Here, “little ones” refers to those who are helpless, vulnerable and marginalized. It may include the poor and crippled, as well as women and little children (14:13). In addition, it means those whose faith is weak (Ro 14:1). Regardless of their physical age, they need special care. They are very sensitive toward small things, such as what kind of food they eat, what clothes they wear, or which holiday they celebrate. They are especially vulnerable to critical words, or even being ignored. They easily fall into doubt or fear and become unstable. They need to be understood, protected and nurtured so they can grow strong, strong enough to overcome temptations, challenges and hardships. Jesus is very serious about protecting them. The disciples should learn how to shepherd such people. Otherwise, they are in big trouble with Jesus.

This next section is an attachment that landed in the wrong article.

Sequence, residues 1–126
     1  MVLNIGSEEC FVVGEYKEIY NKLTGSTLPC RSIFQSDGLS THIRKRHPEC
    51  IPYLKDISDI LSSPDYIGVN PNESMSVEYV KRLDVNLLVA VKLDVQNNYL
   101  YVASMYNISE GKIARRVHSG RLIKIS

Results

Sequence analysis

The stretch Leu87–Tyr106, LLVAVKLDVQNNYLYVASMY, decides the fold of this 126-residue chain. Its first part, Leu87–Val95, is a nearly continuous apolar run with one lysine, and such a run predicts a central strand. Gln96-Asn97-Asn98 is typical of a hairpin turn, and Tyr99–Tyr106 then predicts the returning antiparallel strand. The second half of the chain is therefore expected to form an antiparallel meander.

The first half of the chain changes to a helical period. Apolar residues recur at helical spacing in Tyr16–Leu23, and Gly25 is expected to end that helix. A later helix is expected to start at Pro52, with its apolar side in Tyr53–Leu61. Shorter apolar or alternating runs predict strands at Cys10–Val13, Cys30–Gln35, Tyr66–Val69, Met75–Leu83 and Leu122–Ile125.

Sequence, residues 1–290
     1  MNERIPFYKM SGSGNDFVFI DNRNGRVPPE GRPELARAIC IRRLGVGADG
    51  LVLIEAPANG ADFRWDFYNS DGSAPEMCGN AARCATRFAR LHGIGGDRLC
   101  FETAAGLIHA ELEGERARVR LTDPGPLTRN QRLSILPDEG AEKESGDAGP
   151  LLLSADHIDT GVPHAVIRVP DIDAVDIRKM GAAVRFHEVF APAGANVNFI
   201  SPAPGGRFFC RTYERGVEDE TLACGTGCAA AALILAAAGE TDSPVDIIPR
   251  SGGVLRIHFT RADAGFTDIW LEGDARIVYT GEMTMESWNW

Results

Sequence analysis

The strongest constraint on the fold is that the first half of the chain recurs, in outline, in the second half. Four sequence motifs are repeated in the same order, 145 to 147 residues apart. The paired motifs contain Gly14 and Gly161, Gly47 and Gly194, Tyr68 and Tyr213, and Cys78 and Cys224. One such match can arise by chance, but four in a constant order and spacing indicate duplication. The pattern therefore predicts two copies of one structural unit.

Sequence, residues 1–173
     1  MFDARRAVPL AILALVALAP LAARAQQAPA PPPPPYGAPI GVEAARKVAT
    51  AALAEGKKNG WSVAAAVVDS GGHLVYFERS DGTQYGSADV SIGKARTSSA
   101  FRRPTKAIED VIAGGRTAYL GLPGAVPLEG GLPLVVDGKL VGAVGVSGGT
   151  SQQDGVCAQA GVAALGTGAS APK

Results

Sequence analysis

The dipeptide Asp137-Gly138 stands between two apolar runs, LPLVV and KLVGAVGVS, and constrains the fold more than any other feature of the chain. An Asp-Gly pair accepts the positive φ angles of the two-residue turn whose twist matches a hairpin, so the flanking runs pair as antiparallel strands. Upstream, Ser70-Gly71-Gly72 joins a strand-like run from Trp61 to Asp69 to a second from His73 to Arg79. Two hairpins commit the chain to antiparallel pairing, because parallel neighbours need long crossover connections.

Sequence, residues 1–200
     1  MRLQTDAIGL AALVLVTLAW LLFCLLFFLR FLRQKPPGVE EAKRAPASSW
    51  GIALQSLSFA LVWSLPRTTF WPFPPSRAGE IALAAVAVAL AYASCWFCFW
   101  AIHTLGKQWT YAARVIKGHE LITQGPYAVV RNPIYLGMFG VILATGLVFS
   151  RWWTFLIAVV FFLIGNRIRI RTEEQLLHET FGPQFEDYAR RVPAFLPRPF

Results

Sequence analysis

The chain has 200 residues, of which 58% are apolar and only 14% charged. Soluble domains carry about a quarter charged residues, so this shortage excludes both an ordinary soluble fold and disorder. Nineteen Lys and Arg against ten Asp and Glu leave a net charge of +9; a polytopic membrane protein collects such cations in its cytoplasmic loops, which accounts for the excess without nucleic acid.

Jesus himself was so mindful of the weak that he did not break a bruised reed or snuff out a smoldering wick (Mt 12:20). A bruised reed is so weak that it will break under the slightest pressure. A smoldering wick will go out completely if the smallest whist of wind blows against it. Jesus was so gentle and tender with all kinds of weak people that they could be healed instead of crushed. Matthew was deeply wounded by his sins of selfishness and outcast from society. But Jesus was such a humble shepherd for him that Matthew found rest for his soul, was healed completely, and became a light in the world. Apostle Paul learned of Jesus and was changed from a legalistic, harsh, demanding, violent man into a gentle, mild, loving shepherd. He said to the Thessalonians, “Just as a nursing mother cares for her children, so we cared for you. Because we loved you so much, we were delighted to share with you not only the gospel of God but our lives as well” (1Th 2:7b-8). While Paul was in prison, he served Onesimus, a runaway slave, with the love of Christ, to the point that Onesimus became his spiritual son. So on sending Onesimus back to his master, Paul appealed on the basis of love: “I am sending him—who is my very heart—back to you….” Paul wanted the master to welcome Onesimus as a dear brother (Phm 9-16). Later, Onesimus became a great shepherd in the early church. Paul was so mindful of little ones that he was careful to put no stumbling block in their way. So he said, “…if what I eat causes my brother or sister to fall into sin, I will never eat meat again, so that I will not cause them to fall” (1Co 8:13).